Monday, October 27, 2008


I loved Egypt first for Ramses' sake. That's Elizabeth Peters' Ramses, of course; hotter than wet-shirt Darcy and with ten times the brainpower. (Someday I plan an e-card site dedicated to his archeological perfection.)

After a few visits and several months in Cairo, my relationship with Egypt is different, less starstruck. Naguib Mahfouz, Egyptian Nobel Laureate, said that Cairo is like meeting your beloved in old age; I'm not a Cairene, but I think he's right. There is plenty in Egypt to adore (the sweet carb overload of koshari, golden limestone igniting at sunset, rollicky Egyptian Arabic jabbing like a mirthful elbow in your ribs) and there is plenty to flinch from.

My last time in Cairo, I'd left cheerfully. I'd been studying Arabic solo for a few months and was eager to get back to my fantastic new boyfriend and hassle-free streets. So on this trip I was pretty surprised when the magical smell of burning trash and scorching Sahara made me tear up right there in the Cairo airport. (Of course, I teared up at The Secret Life of Bees, too: indications are good that I am a sap.)

I spent our 72 hours in Egypt in a daze of jetlag and nostalgia. The pyramids were as impossibly huge as ever (and as impossibly smelly: we all emerged from our excursion inside one dripping with sweat and reeking of cat pee); the traffic was as charmingly insane. The smog was--well, look at this picture taken from our airplane. Perfect blue sky, meet Cairo.

We spent a day in Luxor, which, for all its jillions of tourists, still feels pretty chill. Here's a load of bananas going who-knows-where. And there really is something thrilling about the Valley of the Kings: you look around to see dirt, dirt, dirt, and oh, here's buried treasure. (If you haven't read Howard Carter's account of finding King Tut, you're in for a treat.)

Our Cairo hotel, InterContinental Citystars was absurdly decadent, Luxor's Sofitel --despite being literally on the Nile-- just couldn't compare.

We spent (not enough) time at the Egyptian Museum, where I could wander happily for weeks a la Mrs Basil E. Frankweiler, Coptic Cairo, and of course the temples of Luxor and Karnak. I dragged Becky and Ann to the wild Khalili bazaar, where we were (not unwillingly) accosted by scores of henna girls, men selling the same exact silver necklace, beggars, wannabe cab drivers, and slick-as-cow-snot hawkers.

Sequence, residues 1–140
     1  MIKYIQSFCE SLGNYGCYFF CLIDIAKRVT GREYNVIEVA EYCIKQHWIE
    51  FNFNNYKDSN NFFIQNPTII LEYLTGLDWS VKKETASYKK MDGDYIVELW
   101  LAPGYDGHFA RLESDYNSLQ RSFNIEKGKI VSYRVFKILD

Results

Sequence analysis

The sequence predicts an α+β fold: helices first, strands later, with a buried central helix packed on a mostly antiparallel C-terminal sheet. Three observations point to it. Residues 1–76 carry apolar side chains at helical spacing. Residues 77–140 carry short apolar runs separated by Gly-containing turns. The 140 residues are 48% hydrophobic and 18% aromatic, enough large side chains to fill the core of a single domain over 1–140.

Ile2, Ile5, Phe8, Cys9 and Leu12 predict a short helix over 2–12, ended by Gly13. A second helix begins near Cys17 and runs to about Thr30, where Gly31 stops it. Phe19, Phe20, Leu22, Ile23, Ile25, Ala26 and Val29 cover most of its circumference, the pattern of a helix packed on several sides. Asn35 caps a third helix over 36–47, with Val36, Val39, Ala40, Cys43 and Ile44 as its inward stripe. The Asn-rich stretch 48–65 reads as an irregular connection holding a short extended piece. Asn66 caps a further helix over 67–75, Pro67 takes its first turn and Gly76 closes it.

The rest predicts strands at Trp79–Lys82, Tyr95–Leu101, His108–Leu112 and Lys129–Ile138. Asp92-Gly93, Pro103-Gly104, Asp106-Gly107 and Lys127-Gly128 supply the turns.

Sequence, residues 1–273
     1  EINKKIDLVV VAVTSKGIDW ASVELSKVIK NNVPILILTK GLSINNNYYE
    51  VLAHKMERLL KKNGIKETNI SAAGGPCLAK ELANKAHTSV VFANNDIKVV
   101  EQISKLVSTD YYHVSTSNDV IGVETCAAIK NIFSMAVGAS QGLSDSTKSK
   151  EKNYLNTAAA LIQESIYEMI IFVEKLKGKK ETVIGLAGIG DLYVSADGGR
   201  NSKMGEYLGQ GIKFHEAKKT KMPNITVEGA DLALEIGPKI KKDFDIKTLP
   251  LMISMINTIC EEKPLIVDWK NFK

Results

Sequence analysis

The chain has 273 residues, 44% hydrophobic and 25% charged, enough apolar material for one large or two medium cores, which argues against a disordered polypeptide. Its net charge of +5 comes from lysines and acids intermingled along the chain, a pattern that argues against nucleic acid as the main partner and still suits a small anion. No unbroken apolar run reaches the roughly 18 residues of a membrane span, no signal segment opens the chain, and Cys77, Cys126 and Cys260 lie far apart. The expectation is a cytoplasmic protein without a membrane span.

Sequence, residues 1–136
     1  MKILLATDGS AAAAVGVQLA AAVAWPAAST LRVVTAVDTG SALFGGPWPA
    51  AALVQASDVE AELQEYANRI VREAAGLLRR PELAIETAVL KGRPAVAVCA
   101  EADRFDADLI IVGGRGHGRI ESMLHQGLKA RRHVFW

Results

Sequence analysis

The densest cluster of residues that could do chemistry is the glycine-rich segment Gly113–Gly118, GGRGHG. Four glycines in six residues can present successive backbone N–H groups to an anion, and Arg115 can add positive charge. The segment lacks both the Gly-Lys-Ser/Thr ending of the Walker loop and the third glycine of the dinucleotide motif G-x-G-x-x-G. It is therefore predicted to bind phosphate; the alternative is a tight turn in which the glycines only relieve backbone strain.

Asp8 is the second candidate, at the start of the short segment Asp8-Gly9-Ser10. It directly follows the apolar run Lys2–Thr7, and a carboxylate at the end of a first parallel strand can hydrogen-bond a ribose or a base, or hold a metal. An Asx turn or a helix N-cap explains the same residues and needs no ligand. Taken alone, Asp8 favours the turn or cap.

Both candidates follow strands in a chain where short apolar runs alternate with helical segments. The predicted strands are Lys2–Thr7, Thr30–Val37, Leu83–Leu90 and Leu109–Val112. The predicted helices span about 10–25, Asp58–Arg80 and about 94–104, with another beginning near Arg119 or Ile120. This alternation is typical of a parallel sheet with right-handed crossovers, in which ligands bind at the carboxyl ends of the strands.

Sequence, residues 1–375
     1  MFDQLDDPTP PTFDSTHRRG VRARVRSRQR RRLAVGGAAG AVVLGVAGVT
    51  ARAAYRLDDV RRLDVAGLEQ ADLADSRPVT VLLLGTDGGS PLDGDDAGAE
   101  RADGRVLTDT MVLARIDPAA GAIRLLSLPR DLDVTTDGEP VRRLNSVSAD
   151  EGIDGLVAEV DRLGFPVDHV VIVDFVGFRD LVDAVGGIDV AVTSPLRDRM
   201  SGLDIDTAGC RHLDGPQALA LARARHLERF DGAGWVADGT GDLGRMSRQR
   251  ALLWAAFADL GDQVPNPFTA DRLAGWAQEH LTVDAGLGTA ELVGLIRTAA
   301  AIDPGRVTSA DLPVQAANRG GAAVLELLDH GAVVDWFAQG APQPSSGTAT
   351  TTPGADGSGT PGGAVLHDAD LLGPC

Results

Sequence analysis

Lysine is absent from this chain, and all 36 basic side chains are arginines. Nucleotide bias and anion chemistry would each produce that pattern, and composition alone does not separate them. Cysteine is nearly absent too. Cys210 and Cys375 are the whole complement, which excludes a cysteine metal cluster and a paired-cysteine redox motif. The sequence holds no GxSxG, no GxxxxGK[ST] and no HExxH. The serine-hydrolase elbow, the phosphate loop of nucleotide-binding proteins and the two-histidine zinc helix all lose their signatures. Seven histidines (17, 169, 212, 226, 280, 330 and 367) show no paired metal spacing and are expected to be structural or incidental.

On our way home, our taxi driver, who was a very nice man, confided that we were Answer to Prayer, because our American passports would let us into the Duty Free Store, right next to our hotel, which contained the foreign alcohol he desparately needed for his niece's wedding later that week. Pushover Ann agreed to help out. And that, Mom and Dad, is why my passport now says with "Three Alcohol Units; Three Cigarette Units." I swear.

I'm pretty sure the cigarettes weren't for his niece.


  1. Laur- I hope you know how fun it is for me to hear these details about your fantastic trip! I get a sick feeling in my stomach knowing that I missed out on two wonderful weeks spent with family and friends in the places I love best, but your exquisite descriptions make me feel like I was there! Keep it up!

  2. oh man, Petey missed out! This was an awesome trip. I mean, you 391 pictures. I think you can tell how awesome the trip was from the number of pictures taken.

    Glad you back. I've missed you in the blogosphere!

  3. You should know that one of the main reasons I want to go to Egypt is Ramses. Well, and Amelia. I want to BE her and maybe going there... yeah. Dreams.

  4. Incredible! Cat pee huh? Not much of an afterlife.

  5. Hearing what you have to say about the trip makes me feel like I was there... I am getting over me jealousy! Have I mentioned lately that I love your blog!